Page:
Now before you get too excited, let me give you a word of caution: even as much as God loves us, and even as much as he wants us to participate in his plan, our partnership is secondary.  Think of David in the first reading.  He had been fighting for about 20 years, running like a renegade and fighting to stay alive, as well as fighting for the survival of Israel against her worst enemies, the Philistines.  He had spent so much energy on it all.  He had worked from being a simple shepherd to be a powerful leader among the Israelites, acquiring power, prestige, and tons of money.  But then all of a sudden, he remembers the Ark of the Covenant.  That chest that held the Commandments from Mt. Sinai, pieces from the manna in the desert, and the staff of Aaron, that chest which was the place where God’s presence and covenant were felt the most…was sitting in a tent.  And so David thinks, “Maybe I should go share some of what I’ve gotten to build the Lord something nice.”  That’s a nice idea, right?  But then the Lord says, “Well hold on a second.  You’re going to build a house for me?”  You see, he’s reminding David that the only reason he has the power and prestige and money is because of God.  David’s work is great, and his part in the plan of God is incredibly important, but it’s secondary next to God.  And when David realizes this, when he finally understands, he’s able to build that house he’s promised God, which was completed by his son, and was truly a wonder of the world.

Our place is secondary.  It can be easy to forget that.  It’s certainly an amazing thing that God calls us to participate in his plan of salvation!  But sometimes, we end up doing one of two things.  On the one hand, we try to do everything.  “We’ve got this under control, God.  Why don’t you just sit in the tabernacle and make us feel good about ourselves.”  We can focus so much on ourselves.  Mass becomes so much about the community and about our feelings and our emotions and about our music and our chalices and decorations and vestments, that we forget the purpose of being here – to participate in something greater than ourselves, a mystery that God reveals to us and then allows us to share in.

The other thing that can happen when we are called by God to participate in his plan is…nothing.  We don’t do anything.  We want to show up, punch our card, and get the heck out of here.  Each of us is called to participate in God’s plan, both in our lives and in the lives of others, but do we actually do it?  One great opportunity for us to work on this is this month and next during the Catholics Come Home initiative.  It’s starting to air right now, and we’ve paid for the commercials, organized the committees in the parish to help with it, done advertising, and all of the prep work.  Then God does the heavy lifting – calling deep within the hearts of those away from the Church, calling them to come home.  But then it’s up to you and me!  So you might consider how you participate in God’s plan during this initiative.  If you refuse to move further into the pew to allow someone to sit, is that helping or hurting God’s plan for that person returning home?  If you march back into the cold outside and put your head down ignoring anyone else, is that helping or hurting God’s plan for others?  If we cooperate, making this a welcoming place, then we can help those who are lost to build that temple for God in their hearts.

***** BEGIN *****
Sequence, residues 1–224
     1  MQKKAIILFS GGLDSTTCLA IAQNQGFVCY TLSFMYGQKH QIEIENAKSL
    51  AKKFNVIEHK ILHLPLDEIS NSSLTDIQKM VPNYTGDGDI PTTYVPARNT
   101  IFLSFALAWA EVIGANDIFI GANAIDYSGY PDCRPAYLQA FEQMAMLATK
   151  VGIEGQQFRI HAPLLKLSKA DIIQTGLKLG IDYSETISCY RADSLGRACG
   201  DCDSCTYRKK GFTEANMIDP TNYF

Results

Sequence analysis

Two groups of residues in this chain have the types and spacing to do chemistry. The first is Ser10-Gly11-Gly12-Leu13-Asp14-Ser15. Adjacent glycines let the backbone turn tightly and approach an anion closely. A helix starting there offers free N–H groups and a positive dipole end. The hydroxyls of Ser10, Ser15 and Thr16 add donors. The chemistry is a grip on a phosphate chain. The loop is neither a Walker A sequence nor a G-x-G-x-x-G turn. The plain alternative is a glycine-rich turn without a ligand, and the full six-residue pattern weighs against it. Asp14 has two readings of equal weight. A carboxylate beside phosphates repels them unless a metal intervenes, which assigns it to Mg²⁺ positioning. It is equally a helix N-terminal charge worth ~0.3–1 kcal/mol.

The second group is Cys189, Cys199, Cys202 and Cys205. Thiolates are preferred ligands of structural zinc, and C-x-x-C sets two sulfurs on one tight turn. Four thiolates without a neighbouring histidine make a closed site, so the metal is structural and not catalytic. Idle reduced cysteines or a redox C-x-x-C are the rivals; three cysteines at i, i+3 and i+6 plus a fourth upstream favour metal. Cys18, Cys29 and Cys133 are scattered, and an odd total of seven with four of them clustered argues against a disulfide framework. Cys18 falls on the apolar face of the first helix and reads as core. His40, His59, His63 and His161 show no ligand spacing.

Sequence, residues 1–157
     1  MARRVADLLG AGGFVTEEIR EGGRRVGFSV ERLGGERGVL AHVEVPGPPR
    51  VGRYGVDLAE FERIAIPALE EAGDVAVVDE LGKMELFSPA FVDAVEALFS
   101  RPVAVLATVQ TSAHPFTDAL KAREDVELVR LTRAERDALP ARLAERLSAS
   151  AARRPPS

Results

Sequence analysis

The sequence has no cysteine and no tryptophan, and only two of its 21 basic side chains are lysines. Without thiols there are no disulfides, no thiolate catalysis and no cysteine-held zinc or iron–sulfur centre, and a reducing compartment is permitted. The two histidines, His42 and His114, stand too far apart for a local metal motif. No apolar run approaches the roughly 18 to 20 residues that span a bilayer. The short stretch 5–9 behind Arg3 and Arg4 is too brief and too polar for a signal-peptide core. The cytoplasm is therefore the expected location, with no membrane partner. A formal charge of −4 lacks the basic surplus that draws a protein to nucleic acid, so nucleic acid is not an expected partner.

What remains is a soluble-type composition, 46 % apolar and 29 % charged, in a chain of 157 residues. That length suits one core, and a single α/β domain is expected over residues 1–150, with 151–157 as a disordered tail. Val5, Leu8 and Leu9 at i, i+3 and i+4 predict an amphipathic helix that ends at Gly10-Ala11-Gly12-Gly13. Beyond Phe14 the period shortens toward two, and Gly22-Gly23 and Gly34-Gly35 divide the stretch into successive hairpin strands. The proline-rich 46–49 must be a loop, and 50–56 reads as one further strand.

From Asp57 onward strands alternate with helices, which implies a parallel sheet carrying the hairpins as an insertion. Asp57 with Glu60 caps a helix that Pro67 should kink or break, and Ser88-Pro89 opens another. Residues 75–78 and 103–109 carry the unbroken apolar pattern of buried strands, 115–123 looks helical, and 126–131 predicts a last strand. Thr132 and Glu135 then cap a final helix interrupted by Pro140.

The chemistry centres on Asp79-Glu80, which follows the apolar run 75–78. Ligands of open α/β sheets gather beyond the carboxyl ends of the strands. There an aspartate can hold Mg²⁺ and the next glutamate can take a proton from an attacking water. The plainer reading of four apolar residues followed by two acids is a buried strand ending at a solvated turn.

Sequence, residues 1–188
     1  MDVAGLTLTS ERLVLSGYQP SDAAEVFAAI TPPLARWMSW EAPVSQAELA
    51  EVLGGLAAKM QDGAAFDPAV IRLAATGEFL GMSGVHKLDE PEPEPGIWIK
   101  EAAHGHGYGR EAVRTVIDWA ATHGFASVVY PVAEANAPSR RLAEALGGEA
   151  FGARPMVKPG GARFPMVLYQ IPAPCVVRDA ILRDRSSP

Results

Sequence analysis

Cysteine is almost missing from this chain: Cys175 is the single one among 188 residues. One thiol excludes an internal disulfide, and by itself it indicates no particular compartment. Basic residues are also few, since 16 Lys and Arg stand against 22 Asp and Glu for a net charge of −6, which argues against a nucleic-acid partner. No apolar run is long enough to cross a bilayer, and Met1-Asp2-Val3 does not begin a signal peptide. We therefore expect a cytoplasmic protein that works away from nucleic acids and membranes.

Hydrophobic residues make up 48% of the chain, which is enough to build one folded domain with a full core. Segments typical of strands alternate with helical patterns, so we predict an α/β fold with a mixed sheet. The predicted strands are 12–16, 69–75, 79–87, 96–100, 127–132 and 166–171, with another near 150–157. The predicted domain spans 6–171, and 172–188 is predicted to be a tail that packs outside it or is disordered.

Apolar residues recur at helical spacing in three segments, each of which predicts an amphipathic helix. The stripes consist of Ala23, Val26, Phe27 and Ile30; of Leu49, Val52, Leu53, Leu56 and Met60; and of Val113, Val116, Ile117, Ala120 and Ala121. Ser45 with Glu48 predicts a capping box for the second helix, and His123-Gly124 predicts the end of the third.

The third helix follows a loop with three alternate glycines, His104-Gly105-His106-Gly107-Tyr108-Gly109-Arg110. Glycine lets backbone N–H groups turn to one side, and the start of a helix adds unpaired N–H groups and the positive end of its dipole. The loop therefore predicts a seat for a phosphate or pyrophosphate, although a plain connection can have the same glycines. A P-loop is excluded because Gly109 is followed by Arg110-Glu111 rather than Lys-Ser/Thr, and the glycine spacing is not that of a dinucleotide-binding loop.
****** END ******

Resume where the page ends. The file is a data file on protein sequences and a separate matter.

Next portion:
As I conclude, I want to share with you the words of our Holy Father, Pope Benedict: “Though it is God who takes the initiative of coming to dwell in the midst of men, and he is always the main architect of this plan, it is also true that he does not will to carry it out without our active cooperation. Therefore, to prepare for Christmas means to commit ourselves to build ‘God’s dwelling with men.’ No one is excluded; everyone can and must contribute so that this house of communion will be more spacious and beautiful.”  As we celebrate these sacred mysteries, and as we strive to prepare our hearts in this last week of Advent for the coming of Christ, let us ask the Lord to be able to see his plan of salvation, and to cooperate with it with our whole hearts.